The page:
Well, ii figure the 25 ft boatbi am building will take around 2500 hours. And I am not a slow worker. A 50 ft boat would be at least 5 times as big. That would be roughly 12500 hours, 6 years of 40 hour weeks. Best case scenario.
    I'll get some popcorn made and watch while others respond to some of your ideas.
    But my arvice: buy a good used boat and spend the time getting it in top shape.

    Sent from my BLN-L24 using Tapatalk

  6. #6
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    Default Re: No skills & reaching for the stars

    A number of remarks in your brief lead me to believe that not only do you know little about boat building, you say that, but you do not appear to have much knowledge of boat design, maintenance, sailing and so on. Counting prenatal experience, I have 70 years sailing under my keel, the last 36 of them living aboard four different sailboats and nearing a leisurly completion of the fifth, perhaps my LastBoat, based on the marvelous LFH "Golden Ball" 47' ketch 11 tons displacement. Even with my extensive experience and very strong self-knowledge of how I like to live on a boat, there are a number of silly errors in the accommodation, which I extensively redesigned from LFH's and for which I am fully the cause. Imagine the room for error if you think you know but have no actual basis in knowledge.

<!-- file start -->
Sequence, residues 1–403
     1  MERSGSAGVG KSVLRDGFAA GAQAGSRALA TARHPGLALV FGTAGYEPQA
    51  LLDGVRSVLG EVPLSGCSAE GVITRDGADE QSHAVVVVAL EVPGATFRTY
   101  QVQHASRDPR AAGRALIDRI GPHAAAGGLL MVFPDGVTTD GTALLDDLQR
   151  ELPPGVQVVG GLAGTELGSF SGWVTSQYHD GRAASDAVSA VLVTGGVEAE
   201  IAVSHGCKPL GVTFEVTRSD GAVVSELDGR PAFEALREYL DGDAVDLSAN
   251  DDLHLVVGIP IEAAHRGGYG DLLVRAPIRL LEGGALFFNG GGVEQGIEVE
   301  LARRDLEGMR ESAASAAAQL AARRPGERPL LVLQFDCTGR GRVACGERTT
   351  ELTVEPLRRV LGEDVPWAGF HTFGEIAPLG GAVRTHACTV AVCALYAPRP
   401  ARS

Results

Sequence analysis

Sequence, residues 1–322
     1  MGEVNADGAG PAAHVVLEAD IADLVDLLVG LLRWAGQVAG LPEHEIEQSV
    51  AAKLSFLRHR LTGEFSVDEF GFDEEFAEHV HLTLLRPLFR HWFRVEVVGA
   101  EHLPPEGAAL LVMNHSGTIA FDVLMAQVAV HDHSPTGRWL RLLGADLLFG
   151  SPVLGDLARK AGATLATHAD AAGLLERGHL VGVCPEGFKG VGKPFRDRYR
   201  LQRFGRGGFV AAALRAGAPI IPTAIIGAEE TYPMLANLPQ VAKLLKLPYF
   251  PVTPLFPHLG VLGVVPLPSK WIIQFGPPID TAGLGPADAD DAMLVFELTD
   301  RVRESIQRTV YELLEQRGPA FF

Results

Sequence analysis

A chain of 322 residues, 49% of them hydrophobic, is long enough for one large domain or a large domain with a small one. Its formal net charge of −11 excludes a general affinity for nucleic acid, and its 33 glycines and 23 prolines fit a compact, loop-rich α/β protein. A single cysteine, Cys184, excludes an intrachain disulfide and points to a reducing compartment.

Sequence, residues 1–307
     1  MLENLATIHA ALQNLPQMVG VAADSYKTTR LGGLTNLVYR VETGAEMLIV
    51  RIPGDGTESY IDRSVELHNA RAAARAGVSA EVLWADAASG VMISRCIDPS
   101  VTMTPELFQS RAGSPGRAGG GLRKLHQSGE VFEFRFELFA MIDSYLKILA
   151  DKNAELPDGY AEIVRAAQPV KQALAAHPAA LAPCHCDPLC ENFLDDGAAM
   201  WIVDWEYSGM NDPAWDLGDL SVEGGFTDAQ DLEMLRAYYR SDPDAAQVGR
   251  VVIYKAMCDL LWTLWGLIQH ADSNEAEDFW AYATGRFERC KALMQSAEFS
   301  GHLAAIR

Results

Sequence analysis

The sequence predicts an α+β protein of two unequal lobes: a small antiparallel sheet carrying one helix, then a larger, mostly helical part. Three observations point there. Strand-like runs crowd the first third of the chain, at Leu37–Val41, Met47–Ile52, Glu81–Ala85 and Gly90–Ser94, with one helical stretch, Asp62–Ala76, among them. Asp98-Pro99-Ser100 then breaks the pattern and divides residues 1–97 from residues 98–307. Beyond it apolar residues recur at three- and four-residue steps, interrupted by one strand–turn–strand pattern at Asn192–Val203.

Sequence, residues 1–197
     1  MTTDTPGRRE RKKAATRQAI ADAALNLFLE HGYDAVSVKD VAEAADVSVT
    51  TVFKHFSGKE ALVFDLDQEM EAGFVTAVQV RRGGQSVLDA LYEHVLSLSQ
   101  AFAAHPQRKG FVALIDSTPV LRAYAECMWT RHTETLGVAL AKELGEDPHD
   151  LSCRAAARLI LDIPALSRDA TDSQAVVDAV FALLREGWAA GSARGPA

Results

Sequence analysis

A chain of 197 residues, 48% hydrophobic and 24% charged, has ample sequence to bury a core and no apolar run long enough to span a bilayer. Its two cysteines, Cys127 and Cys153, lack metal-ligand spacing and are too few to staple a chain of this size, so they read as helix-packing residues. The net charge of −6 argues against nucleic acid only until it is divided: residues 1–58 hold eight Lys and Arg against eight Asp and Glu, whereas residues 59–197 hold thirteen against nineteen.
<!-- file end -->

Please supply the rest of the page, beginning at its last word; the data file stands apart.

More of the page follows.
It's hard to get a basic hull and minimal accommodations built at any less than a hour efficient labor for every ten pounds displacement. If we assume a boat in the 15 to 20 ton range, that's three thousand to four thousand hours hard work before you start worrying about mechanical systems, spars, rigging, and sails. Your time off, depending on how interpreted from your OP, could be as much as 120 days. If you can actually work say 10 solid hours per day without time off or rest or supply delays, then maybe 5 years gets you to a hull ready to receive all the things that make a boat go. Another couple of years and maybe you're ready to sail.